The threat of a boycott by teams has faded, yet the Commonwealth Games Federation (CGF) said on Saturday that the next 24 hours would be crucial for the October Games. Addressing the media on the progress of work at the Games Village, CGF chief Mike Fennell stated that both the CGF and the Organising Committee (OC) should share the blame for the mess, adding: “Lots of work still needs to be done”.
Fennell, who rushed to Delhi on Thursday after top Commonwealth nations complained about the lack of hygiene at the Village, said progress had been made in the last 48 hours. But he was depressingly candid on the effect of the mismanagement so far: “A lot of damage has been done not just to the Commonwealth Games, but also to India as a nation. People are asking ‘Should we come to India?’”
However, he added, though progress was slow, the clean-up process had picked up and the CGF was monitoring it closely.
Asked whether it was a mistake to allot the Games to India, he said, “India is the largest Commonwealth country and, as the largest developing country, it was their place to host the Games. We have learnt a lesson and so has India.
“In hindsight, I thought a lot of things could have been avoided. There have been problems in other Games also and I hope things will be sorted soon... The CGF has been warning India since last year but we also understand that the OC has been working with different stake-holders.”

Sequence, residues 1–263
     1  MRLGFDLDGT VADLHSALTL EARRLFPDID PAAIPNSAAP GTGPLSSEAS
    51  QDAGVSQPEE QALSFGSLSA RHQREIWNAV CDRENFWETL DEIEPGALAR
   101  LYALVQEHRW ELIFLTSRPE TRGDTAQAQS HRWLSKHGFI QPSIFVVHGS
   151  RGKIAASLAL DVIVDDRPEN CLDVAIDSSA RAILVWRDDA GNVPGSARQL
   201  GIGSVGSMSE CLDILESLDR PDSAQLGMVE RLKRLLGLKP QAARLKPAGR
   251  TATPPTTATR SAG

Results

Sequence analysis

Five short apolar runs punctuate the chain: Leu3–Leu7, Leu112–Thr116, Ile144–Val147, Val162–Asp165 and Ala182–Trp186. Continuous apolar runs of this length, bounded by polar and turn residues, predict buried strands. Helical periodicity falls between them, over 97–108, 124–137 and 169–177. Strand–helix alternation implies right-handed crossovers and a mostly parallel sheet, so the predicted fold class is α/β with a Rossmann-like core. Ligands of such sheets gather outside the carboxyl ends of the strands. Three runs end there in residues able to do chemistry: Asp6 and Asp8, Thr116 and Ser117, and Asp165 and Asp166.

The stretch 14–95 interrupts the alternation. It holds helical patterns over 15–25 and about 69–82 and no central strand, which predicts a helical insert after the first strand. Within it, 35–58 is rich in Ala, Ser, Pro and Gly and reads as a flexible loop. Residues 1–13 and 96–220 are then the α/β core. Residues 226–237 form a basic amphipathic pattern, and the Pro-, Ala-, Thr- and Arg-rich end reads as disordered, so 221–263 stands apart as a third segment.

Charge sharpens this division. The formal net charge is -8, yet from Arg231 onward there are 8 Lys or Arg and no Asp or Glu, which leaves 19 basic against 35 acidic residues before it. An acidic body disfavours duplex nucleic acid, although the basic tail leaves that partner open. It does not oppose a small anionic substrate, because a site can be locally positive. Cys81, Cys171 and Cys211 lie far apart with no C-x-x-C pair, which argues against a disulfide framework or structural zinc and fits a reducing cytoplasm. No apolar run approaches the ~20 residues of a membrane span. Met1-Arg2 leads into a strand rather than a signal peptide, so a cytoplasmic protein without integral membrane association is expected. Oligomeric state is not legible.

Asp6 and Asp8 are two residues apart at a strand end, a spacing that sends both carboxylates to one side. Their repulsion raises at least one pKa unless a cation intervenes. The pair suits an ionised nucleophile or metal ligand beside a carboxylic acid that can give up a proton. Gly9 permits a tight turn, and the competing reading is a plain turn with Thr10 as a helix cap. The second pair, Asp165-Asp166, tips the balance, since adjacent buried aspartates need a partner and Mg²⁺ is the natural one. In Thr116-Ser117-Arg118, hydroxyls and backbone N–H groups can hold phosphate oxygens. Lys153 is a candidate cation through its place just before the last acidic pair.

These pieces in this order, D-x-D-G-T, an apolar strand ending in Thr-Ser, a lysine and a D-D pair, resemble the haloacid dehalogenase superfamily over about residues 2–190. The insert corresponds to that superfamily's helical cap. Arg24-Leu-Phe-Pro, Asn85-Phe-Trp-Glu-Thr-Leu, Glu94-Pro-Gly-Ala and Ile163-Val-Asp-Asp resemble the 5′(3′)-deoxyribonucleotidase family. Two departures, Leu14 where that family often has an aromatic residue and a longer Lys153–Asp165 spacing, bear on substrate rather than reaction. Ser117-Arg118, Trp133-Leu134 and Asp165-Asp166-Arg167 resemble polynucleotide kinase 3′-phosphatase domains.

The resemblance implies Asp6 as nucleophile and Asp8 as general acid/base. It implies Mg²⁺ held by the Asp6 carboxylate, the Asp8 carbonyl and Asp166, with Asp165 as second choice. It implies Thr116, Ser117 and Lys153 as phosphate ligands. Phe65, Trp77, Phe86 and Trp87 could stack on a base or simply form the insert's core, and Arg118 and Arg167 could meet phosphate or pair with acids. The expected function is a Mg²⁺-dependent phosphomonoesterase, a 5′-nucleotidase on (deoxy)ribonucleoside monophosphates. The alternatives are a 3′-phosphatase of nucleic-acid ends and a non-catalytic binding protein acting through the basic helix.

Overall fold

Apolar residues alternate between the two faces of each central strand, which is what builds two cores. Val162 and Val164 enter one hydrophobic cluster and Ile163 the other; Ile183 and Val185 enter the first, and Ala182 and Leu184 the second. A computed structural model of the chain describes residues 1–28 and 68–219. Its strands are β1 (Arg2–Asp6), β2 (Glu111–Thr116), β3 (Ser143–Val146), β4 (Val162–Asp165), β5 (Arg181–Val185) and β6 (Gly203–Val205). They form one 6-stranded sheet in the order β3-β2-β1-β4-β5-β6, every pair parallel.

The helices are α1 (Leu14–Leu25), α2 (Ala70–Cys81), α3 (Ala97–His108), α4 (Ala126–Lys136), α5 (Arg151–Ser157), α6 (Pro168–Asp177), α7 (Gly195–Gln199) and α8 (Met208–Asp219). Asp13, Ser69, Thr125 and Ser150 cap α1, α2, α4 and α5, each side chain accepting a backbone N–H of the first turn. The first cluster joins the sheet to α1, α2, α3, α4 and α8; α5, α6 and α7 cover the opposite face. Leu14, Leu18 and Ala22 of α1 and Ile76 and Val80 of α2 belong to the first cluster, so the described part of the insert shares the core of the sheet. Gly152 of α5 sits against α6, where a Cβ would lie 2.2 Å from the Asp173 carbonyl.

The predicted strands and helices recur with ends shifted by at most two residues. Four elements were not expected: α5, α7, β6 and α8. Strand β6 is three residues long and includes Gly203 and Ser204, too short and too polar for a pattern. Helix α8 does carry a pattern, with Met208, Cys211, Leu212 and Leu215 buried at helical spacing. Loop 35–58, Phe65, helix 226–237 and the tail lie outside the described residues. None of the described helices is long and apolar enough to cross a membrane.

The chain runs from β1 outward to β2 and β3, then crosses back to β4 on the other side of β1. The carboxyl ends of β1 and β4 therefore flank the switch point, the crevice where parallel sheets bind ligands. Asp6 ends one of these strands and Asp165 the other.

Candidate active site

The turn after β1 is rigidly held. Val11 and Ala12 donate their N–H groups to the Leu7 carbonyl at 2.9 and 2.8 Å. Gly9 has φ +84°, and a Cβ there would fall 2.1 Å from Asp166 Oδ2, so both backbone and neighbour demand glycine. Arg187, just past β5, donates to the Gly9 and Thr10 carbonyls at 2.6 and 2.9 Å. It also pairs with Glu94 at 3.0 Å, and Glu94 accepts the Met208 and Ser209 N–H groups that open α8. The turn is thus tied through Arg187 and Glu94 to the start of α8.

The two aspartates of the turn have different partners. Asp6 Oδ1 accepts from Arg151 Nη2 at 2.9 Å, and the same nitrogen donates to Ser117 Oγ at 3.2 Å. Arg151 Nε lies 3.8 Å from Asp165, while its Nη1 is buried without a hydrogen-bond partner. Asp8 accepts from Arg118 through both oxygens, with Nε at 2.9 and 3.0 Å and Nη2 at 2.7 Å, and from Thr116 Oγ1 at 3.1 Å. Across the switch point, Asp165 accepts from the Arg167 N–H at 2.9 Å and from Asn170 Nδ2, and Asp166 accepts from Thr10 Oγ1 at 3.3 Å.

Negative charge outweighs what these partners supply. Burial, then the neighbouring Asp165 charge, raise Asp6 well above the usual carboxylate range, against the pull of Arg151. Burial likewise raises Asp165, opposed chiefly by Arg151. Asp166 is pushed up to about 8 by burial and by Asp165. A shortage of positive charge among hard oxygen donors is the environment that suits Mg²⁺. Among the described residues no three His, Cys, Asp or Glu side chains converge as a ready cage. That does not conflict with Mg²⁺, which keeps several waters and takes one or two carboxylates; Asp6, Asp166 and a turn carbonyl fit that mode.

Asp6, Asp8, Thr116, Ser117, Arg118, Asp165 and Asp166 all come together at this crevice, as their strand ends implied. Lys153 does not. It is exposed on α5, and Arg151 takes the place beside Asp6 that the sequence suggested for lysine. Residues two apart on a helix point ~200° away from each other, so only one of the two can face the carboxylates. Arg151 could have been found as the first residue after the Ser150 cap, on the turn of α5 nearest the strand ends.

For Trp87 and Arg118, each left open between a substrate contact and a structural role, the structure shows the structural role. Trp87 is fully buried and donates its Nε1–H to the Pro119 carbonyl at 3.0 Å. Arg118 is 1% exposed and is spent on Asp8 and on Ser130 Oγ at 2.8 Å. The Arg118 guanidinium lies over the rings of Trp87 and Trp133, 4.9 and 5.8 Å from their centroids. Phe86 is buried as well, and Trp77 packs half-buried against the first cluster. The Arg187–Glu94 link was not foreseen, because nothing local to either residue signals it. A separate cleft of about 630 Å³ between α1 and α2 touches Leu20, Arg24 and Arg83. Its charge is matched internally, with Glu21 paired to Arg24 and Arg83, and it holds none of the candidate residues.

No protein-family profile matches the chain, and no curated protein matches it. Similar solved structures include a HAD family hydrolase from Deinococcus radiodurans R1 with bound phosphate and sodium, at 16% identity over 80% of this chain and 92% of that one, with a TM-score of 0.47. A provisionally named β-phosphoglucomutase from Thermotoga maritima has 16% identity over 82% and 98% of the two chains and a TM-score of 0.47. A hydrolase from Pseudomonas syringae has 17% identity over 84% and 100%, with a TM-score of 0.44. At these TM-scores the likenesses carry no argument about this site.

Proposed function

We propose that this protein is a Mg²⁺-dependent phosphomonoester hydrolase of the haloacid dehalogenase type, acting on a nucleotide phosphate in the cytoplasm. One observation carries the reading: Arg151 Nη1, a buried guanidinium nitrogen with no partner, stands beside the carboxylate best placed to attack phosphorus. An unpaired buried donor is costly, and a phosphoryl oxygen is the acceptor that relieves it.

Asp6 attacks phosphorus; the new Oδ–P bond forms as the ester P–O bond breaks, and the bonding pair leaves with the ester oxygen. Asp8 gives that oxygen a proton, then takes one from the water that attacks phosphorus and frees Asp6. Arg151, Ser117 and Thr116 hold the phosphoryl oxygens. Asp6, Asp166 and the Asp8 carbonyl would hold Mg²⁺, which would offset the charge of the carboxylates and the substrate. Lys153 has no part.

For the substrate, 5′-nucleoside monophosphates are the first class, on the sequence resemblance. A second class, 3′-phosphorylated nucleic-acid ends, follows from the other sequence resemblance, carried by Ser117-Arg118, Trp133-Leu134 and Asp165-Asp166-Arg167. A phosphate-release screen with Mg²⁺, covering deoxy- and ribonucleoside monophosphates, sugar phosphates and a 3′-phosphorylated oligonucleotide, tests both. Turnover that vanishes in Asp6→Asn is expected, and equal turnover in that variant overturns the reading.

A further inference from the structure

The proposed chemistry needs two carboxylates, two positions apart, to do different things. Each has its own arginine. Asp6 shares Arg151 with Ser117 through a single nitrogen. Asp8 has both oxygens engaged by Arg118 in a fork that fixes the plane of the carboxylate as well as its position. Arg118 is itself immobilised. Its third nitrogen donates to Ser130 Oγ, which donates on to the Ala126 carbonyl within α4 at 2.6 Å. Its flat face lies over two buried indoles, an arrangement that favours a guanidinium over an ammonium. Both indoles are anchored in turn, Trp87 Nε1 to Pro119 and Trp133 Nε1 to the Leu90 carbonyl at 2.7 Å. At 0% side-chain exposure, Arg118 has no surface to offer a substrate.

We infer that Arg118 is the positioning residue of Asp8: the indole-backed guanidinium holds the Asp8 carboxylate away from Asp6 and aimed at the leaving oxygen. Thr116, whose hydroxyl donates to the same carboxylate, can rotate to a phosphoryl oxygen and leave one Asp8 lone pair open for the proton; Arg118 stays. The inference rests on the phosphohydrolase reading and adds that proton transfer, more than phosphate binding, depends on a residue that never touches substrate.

Suresh Kalmadi, the OC chief, said other agencies should be blamed for the mess. “I am not the constructing agency, which was supposed to hand over the Village to us,” he said.
On whether the CGF took things lightly during Fennell’s last visit on August 18, when he said things would be ready by September 23, the original date for athletes to enter the Village, Fennell said he did warn the OC about the work that needed to be done. “I had asked them to clean up the Village. I also told the OC that things need to be replaced.” Asked about safety concerns, he said that concerns still remain about evacuation from the towers in case of an emergency and health.
While Perry Crosswhite, the head of the Australian CGA, and Chris Jenkins, the chef de mission of Wales, were happy that the pace of work had picked up, the New Zealand team has delayed its entry.